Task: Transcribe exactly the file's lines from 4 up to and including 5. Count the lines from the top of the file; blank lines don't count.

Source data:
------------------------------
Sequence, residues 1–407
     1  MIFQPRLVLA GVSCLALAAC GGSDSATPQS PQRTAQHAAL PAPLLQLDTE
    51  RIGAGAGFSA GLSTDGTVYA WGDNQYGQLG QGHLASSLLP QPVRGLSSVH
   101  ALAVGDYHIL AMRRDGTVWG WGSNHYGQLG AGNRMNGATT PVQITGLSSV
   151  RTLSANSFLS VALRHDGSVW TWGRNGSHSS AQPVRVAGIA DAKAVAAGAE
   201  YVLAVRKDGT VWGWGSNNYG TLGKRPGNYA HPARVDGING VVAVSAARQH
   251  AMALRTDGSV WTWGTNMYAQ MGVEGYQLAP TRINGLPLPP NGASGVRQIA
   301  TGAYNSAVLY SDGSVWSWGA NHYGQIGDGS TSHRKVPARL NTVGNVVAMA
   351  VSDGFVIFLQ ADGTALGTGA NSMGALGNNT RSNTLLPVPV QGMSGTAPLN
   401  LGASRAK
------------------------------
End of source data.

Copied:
   101  ALAVGDYHIL AMRRDGTVWG WGSNHYGQLG AGNRMNGATT PVQITGLSSV
   151  RTLSANSFLS VALRHDGSVW TWGRNGSHSS AQPVRVAGIA DAKAVAAGAE